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South County Water
That portion of Monroe County embraced in what is now the Township of Erie was originally known as the “Bay Settlement” and remained so until March 5, 1835 (cf. postmaster pp.91) when the post office was officially designated as “Erie.” The name of Erie is derived from its geographical location at the head of Lake Erie. Let it be recalled that Lake Erie derived its name from an ancient Indian tribe, the Erri-er-ro-nous, better known as the “Eries”, who lived here before the Ottawas and the Potawatomies. When the first settlement of white men was made in Erie is not written, neither does it seem to have been permanent. Traditionary legends tell us that a party of Jesuit priests and a few of their followers, sometime in the middle or latter part of the eighteenth century were coasting along the south shore of Lake Erie in canoes or pirogues, crossed the Miami (Maumee) river near its mouth and entered Ottawa Bay at or near Gard Island, proceeded on up the Bay, found and entered Bay Creek and followed it up as far as it was navigable for their pirogues, which point was near where the railroad bridges now span the creek. There they landed and founded the first settlement and trading post of white men in the Bay Settlement.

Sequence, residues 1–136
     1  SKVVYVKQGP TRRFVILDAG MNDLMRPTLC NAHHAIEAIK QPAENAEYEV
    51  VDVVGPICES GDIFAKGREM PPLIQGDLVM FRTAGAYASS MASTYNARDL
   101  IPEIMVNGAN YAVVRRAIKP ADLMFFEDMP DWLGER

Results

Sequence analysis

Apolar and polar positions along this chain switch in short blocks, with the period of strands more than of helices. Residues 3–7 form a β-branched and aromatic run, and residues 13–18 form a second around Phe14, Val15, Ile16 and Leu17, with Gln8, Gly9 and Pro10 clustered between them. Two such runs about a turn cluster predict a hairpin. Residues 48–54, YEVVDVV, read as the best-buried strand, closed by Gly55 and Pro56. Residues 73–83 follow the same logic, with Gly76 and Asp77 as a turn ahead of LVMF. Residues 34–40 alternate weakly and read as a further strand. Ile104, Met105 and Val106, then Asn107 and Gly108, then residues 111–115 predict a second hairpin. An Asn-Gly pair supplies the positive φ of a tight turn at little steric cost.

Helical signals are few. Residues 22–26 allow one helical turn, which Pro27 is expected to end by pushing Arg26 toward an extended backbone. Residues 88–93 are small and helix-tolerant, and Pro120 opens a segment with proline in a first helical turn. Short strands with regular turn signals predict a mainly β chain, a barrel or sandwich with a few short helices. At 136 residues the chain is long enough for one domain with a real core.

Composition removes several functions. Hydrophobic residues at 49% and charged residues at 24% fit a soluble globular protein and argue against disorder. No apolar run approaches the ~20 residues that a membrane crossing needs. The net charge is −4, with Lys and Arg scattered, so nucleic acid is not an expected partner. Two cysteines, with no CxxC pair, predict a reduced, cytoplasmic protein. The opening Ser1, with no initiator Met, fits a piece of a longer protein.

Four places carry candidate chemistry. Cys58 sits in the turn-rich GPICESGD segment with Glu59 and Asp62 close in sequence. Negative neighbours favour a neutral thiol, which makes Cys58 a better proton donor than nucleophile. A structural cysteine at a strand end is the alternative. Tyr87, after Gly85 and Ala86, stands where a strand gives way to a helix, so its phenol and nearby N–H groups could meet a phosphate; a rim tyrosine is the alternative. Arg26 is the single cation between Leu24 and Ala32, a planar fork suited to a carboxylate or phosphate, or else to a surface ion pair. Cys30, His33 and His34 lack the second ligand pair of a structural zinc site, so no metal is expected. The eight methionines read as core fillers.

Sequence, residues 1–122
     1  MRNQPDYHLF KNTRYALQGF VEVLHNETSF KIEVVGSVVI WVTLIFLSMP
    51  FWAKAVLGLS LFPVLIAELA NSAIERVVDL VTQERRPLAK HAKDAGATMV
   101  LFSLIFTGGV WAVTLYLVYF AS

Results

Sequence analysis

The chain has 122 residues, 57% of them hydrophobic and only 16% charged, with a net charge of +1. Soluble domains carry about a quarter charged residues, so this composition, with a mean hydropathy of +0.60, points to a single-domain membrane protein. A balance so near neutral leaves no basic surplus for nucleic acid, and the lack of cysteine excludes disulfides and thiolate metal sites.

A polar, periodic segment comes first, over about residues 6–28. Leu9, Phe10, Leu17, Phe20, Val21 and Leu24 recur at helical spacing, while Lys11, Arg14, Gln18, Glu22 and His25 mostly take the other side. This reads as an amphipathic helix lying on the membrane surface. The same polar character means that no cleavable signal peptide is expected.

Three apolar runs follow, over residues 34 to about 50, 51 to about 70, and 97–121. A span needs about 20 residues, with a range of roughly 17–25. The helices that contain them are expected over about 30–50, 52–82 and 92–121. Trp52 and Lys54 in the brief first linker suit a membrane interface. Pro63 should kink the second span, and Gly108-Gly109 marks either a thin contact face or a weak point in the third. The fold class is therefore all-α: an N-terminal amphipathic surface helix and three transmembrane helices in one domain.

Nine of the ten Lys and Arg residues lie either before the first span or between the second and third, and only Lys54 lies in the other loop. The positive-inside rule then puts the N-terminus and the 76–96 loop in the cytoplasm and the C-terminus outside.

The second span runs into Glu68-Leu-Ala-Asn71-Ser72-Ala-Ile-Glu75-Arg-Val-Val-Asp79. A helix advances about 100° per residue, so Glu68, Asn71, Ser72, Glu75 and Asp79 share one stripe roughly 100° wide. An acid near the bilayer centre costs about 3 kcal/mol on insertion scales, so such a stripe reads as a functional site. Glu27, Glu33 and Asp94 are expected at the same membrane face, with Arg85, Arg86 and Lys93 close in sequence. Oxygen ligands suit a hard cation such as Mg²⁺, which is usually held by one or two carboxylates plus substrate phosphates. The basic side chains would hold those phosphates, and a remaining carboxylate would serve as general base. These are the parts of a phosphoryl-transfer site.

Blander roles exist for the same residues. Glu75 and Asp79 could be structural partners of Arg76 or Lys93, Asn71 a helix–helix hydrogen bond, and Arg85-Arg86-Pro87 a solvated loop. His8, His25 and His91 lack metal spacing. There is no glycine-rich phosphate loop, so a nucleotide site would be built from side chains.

“Erie Township was one of the first five organized in Monroe County under the act of Congress in 1827, which by act of the legislative council, comprised all that part of the county of Monroe south of the south line of Monroe township and east of the east line of the township of Raisinville, bounded on the south by township No.8, south of the base line and including ranges 6, 7, and 8 east of the meridian. It was provided that the first election should be held at the house of Francis Cousineau. Thus the township included within its specified boundaries all of the present townships of Erie, Bedford, LaSalle except a strip of about a half mile in width lying between the present Ohio line and the south line of township No.8; this by the same act was to constitute the township of Port Lawrence; as before stated was in the ‘disputed territory;’ – in this position the geographical line remained until after the ‘Toledo War,’ after which this strip was attached to the townships lying north of it in Michigan…”